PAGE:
If extremist right-wing forums, where racists and Nazis share pictures of themselves with confederate flags and guns, are a stage for potential mass shooters, right-wing media is the music in the background—buzzing with implicit support for the racist and militarist agenda of the far-right, but constrained, so it doesn’t scare potential conservative voters who don’t realize the full extent of the operation they are supporting.
Perhaps these restrictions are what makes mainstream right-wing media so prone to trolling from mass shooters. Extremist understand the game conservative pundits have to play to remain viable, so they implicate popular right-wing show hosts in an attempt to blur the line between right and far-right ideology.
It’s easier than ever to cross from mainstream conservatism to radicalizing content due to platforms like YouTube, where sensationalism, outrage, and conspiracies generate the most “watch time” and are thus most recommended by YouTube’s algorithm. Therefore, it wasn’t a total surprise when the mass shooter started his killing spree with a catch phrase from a famous YouTuber — PewDiePie — an alias used by Felix Kjellberg, a Swede whose channel has been criticized for having “anti-Semitic and Nazi imagery in his videos.”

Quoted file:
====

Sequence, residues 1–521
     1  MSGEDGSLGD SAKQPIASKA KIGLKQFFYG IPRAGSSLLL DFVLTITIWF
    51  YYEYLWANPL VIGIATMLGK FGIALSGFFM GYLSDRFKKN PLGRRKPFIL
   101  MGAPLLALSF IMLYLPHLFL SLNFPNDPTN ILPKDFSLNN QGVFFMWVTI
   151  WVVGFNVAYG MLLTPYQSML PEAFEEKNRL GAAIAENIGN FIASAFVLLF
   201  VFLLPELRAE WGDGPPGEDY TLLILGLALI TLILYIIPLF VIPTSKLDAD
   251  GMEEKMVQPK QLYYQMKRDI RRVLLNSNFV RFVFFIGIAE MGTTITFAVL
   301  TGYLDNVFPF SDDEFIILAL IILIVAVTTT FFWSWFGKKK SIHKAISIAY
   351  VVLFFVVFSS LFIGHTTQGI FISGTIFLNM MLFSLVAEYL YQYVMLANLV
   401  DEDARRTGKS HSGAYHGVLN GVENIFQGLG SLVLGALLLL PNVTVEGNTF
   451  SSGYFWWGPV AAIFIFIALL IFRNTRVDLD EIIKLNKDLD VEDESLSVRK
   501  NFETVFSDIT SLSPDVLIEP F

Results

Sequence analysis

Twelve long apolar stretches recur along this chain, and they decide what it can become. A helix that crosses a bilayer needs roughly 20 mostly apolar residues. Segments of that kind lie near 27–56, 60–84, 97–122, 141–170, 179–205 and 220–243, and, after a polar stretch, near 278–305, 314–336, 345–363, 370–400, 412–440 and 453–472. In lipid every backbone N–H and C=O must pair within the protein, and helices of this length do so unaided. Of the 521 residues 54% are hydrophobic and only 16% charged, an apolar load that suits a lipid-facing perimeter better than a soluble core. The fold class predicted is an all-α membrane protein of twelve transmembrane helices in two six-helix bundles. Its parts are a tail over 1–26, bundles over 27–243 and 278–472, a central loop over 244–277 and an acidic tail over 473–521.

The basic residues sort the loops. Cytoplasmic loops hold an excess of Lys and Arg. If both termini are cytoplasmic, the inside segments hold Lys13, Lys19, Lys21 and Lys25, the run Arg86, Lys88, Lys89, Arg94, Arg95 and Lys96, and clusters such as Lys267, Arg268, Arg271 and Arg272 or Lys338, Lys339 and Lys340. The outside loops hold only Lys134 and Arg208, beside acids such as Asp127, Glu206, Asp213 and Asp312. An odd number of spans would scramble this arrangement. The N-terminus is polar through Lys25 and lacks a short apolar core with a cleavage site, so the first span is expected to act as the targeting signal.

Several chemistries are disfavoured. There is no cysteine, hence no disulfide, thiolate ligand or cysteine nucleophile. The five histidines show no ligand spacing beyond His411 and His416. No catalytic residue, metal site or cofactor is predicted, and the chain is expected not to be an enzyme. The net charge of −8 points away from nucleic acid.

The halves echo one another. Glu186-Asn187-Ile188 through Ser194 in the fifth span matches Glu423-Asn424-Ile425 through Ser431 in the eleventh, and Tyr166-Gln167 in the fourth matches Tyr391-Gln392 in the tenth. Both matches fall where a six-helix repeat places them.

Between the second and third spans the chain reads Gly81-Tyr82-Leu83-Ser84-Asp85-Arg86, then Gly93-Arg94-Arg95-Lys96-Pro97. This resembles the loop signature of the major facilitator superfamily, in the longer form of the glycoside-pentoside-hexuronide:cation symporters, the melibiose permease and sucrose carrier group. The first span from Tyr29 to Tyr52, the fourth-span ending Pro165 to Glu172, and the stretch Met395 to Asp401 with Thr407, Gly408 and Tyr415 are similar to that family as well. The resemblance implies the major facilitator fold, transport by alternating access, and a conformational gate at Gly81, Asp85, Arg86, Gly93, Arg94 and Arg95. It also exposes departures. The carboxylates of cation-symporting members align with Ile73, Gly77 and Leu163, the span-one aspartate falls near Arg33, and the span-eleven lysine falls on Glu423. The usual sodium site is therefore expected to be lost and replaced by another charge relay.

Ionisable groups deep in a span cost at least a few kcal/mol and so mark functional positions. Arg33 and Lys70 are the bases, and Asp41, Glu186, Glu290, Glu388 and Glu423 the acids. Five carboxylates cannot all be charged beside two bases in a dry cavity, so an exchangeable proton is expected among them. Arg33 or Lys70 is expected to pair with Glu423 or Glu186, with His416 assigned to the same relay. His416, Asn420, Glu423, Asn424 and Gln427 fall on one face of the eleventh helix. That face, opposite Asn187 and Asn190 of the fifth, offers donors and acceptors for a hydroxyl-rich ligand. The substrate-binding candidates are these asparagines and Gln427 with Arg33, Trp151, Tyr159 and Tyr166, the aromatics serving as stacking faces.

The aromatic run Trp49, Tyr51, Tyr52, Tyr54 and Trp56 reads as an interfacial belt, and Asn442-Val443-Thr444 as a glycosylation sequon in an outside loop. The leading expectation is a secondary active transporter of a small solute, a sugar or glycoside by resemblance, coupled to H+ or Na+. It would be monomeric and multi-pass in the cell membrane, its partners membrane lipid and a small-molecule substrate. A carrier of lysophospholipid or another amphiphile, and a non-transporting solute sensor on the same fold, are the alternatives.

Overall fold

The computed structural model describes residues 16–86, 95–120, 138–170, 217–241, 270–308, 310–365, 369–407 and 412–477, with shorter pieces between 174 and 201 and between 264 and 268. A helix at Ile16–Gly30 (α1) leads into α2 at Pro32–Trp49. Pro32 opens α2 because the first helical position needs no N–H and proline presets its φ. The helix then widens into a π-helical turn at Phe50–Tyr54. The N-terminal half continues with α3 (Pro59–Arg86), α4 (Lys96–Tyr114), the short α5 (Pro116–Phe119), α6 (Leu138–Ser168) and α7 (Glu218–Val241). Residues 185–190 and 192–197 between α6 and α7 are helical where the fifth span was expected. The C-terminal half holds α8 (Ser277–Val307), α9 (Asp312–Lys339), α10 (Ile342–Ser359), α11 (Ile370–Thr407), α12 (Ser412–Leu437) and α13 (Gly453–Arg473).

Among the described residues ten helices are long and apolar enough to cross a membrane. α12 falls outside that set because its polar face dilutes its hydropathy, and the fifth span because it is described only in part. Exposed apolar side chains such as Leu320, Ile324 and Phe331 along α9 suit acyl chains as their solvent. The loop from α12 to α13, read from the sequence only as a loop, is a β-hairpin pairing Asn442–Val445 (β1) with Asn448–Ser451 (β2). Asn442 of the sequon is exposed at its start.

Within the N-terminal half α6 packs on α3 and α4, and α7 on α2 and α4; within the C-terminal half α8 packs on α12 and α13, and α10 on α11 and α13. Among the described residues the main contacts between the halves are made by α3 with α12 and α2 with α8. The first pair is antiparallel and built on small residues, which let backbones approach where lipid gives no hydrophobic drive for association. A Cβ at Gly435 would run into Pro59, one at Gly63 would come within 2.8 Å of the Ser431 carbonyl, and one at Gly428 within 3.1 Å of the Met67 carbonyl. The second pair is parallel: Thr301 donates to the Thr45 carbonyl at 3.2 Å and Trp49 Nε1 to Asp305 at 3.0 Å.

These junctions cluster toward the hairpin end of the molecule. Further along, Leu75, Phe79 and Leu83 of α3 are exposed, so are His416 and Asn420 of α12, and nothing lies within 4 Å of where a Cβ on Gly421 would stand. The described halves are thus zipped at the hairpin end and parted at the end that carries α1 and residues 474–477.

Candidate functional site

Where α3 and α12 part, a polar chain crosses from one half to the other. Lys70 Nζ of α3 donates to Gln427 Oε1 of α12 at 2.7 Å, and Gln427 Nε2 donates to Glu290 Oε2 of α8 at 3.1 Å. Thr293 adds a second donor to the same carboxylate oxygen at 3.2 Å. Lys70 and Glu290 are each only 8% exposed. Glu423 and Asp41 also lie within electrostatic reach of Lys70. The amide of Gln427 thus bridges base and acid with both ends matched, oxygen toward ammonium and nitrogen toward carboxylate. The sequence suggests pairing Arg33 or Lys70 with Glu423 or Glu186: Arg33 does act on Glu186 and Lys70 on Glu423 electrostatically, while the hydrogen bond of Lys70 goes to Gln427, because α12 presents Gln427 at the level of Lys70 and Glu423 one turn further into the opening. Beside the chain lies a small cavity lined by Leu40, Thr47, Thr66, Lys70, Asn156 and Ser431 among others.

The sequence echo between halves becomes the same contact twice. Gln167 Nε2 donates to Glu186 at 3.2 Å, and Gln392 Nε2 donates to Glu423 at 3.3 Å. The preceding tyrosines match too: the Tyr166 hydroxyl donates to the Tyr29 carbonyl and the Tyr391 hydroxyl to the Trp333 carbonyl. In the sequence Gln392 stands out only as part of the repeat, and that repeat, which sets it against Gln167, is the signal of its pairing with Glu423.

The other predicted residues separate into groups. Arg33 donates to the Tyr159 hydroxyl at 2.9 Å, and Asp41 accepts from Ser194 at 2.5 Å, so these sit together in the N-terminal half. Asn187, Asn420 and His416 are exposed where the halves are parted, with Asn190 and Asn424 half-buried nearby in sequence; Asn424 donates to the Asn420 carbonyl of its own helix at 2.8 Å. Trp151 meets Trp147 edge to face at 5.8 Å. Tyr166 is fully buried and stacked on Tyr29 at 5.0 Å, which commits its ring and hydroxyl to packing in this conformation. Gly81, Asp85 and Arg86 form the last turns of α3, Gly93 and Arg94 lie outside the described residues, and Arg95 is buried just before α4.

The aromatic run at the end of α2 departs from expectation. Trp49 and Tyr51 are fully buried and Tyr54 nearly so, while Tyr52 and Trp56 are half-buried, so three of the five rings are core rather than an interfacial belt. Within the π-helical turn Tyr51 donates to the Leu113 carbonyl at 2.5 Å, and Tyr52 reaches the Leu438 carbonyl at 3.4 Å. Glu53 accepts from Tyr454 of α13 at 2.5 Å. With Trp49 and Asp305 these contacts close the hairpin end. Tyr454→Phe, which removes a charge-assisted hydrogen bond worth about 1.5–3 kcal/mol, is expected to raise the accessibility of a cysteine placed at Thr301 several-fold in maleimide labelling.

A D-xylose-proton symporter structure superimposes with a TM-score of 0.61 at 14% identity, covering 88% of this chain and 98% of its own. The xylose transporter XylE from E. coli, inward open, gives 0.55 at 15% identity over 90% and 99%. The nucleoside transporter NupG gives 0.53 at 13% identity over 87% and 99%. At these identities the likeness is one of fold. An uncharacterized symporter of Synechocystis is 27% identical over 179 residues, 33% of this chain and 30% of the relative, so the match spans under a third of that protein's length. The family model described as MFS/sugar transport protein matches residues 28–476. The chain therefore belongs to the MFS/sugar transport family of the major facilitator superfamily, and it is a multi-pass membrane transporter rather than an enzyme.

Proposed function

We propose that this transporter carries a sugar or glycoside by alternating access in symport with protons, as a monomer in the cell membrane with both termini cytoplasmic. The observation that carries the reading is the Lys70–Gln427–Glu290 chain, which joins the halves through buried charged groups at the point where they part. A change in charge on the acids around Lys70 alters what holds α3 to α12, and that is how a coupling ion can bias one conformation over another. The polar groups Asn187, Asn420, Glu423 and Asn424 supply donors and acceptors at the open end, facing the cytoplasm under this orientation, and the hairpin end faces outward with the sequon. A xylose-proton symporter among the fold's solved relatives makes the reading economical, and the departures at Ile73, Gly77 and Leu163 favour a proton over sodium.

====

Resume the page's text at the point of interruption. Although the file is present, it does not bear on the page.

While we can’t blame YouTubers and political pundits for the actions of mass shooters, we should acknowledge their role in facilitating access to far-right thought.
For example, let’s say a kid is looking for video game commentary on YouTube and stumbles upon PewDiePie’s channel. After subscribing, the kid views a video where the host is glorifying the aforementioned right-wing personality Ben Shapiro. If the kid chooses to subscribe to Shapiro’s channel (which is the whole point of his appearance on PewDiePie), the “Featured Videos” on the kid’s YouTube homepage will now include gems like “Ben PROVES capitalism is more moral & more efficient” and “Shapiro demolishes & humiliates little socialist comrade.”